In mammals, PLD–PA signaling complexes regulate protein–membrane and membrane–cytoskeleton interactions, as well as vesicle budding and trafficking including exocytosis and endocytosis (McMahon and Gallop, 2005; Donaldson, 2009). Vesicle coating proteins, ARFs, Rho GTPases and soluble N-ethylmaleimide-sensitive factor attachment receptor (SNARE) proteins can interact with PLD and/or PA during vesicle formation at donor membranes, transport, docking, and fusion of vesicles with the target membranes (Chernomordik and Kozlov, 2003; Donaldson, 2009). In plants, there is some evidence that ARFs, Rho GTPases, SNARE proteins and PLDs are involved in vesicle targeting to the cell division plane, vesicle fusion, and cell plate biogenesis, although the exact roles of particular signaling proteins remains elusive (Zárský et al., 2009; El Kasmi et al., 2013; Smertenko et al., 2017).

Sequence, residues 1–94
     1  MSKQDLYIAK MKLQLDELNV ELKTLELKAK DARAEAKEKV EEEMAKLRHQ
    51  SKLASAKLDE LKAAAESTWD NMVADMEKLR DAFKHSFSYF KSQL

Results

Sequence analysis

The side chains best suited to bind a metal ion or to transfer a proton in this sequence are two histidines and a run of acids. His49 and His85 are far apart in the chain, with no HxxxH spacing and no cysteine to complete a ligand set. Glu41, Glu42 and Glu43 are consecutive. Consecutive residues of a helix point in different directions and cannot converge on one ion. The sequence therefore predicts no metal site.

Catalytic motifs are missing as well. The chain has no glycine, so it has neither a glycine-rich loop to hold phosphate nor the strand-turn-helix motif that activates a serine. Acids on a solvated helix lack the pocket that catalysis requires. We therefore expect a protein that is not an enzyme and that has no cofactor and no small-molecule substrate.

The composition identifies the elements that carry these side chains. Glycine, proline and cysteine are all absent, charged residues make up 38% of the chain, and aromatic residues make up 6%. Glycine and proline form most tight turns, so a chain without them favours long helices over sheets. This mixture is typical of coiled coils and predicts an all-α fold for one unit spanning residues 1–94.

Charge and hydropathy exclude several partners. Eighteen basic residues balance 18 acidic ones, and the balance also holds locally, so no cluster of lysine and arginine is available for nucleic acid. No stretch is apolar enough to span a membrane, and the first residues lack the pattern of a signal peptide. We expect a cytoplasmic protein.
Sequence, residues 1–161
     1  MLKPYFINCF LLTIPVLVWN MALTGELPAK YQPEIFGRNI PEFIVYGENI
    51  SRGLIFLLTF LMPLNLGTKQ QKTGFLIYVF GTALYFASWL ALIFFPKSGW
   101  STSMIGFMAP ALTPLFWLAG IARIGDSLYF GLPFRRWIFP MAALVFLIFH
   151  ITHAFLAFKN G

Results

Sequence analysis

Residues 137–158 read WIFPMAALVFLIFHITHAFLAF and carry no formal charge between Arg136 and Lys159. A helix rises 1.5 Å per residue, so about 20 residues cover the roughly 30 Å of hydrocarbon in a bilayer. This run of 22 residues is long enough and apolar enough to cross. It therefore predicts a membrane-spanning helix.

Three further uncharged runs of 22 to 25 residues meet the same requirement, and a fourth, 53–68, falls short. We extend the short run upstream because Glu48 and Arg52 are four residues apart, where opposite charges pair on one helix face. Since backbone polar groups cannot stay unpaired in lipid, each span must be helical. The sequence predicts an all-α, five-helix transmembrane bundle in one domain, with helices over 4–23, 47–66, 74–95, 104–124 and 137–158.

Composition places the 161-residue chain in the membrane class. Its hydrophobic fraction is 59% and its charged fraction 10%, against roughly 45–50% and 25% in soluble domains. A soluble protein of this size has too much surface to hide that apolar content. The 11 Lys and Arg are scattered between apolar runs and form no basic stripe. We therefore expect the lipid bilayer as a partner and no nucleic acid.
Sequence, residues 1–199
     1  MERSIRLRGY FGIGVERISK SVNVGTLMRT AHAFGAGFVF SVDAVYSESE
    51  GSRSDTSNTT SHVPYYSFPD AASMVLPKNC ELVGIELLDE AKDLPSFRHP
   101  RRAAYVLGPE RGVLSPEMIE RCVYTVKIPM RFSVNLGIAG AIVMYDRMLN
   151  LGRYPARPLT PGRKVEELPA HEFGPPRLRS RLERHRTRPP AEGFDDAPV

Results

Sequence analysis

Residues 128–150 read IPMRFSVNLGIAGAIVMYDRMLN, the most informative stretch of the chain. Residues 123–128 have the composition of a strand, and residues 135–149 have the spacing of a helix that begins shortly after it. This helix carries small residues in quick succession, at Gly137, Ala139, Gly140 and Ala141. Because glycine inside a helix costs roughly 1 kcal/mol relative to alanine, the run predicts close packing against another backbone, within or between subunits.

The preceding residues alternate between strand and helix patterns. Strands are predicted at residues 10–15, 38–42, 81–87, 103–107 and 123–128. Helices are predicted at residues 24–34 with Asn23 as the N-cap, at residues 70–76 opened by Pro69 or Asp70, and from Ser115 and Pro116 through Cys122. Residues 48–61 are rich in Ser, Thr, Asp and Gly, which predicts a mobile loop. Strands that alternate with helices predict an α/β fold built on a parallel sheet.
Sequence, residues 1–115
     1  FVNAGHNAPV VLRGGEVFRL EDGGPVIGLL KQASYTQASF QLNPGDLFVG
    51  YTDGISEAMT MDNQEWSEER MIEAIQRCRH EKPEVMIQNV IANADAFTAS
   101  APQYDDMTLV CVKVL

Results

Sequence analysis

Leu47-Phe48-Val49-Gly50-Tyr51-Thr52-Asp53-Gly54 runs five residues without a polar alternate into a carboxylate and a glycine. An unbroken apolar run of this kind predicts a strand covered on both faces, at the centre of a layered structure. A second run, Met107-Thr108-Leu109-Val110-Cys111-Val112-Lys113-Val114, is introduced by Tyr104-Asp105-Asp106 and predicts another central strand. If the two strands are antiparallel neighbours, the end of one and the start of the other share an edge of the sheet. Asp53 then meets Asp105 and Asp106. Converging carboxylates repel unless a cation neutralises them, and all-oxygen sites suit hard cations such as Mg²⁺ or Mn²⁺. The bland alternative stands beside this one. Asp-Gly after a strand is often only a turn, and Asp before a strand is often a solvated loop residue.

Spo14 is phospholipase D of Saccharomyces cerevisiae, which specifically hydrolyzes phosphatidylcholine to generate choline and PA. Spo14p is localized to the cytoplasm of vegetative cells, however, it relocates to the spindle pole bodies and prospore membrane during sporulation (Rudge et al., 1998; Liu et al., 2007). PA produced by Spo14p is required to localize t-SNARE protein Spo20p to the prospore membrane (Nakanishi et al., 2006; Liu et al., 2007). As mentioned above, PLDα1 was enriched in the CCVs predicting its role in vesicular trafficking (Fan et al., 1999). Furthermore, AP180 (N-terminal homology domain clathrin-assembly) proteins and clathrins were identified as PA binding proteins in a previous proteomic study (McLoughlin et al., 2013). Similarly, epsin-like clathrin adaptor 1 binds PA under the negative membrane curvature stress in Arabidopsis (Putta et al., 2016). Furthermore, PLDα1 coimmunoprecipitates with Arabidopsis AP-2 complex and clathrin (Yamaoka et al., 2013), indicating that PLDα1 contributes to clathrin-mediated endocytosis. These data indicate that proteins involved in the clathrin-dependent endocytosis are potential targets of PLDα1-generated PA. Here we provide evidence for close associations of PLDα1-YFP with cortical and mitotic microtubules during cell division. It has been shown previously that the PPB region at the cell cortex possess a large number of CCPs and CCVs. Expected role of clathrin-mediated endocytosis in the PPB area is related to the regulated modification of the cell cortex by controlled removal of particular membrane proteins by endocytosis, being part of the cell division plane memory establishment (Karahara et al., 2009). Centrifugal expansion of the phragmoplast during cytokinesis is driven by microtubule polymerization with substantial microtubule stabilization by bundling at the leading edge of the phragmoplast (Murata et al., 2013). Phragmoplast microtubules are responsible for delivery of vesicles creating cell plate in the mid-zone region. Cell plate formation, however, is also based on removal of excess membrane and cell wall material. Endocytosis and membrane recycling thus play an indispensable role during cell plate expansion (van Oostende-Triplet et al., 2017). Endocytosis was implicated in the spatial restriction of syntaxin protein KNOLLE to the cell plate (Boutté et al., 2010) and in the removal of the cellulose synthase enzymes from the central part and their recycling to the peripheral growth zone of the cell plate (Miart et al., 2014). Consistently with these observations electron tomography analysis revealed a high density of CCPs and CCVs during the transformation of the tubulo-vesicular network to a planar fenestrated sheet during cell plate formation (Seguí-Simarro et al., 2004). CCPs and CCVs were mostly localized at the trailing (inner) edge of the enlarging phragmoplast. Internalization and recycling of material from the central part and its delivery to the leading edges of maturing cell plate were thus definitely connected to clathrin-dependent endocytosis (Boutté et al., 2010; Ito et al., 2012; Teh et al., 2013; Miart et al., 2014). Based on these findings and on our results we suggest that PLDα1 and its product PA might participate in the complex signaling network involved in the vesicle trafficking and membrane assembly during plant cytokinesis. Although the precise mechanism by which PLDα1 or PA are involved in these processes is unknown, our results indicate that PLDα1 localized on microtubule surface can potentially functions as molecular glue for CCPs and CCVs associated with microtubules. This is further corroborated by the observation that microtubule-colocalized clathrin structures are quantitatively absent in the pldα1 mutant.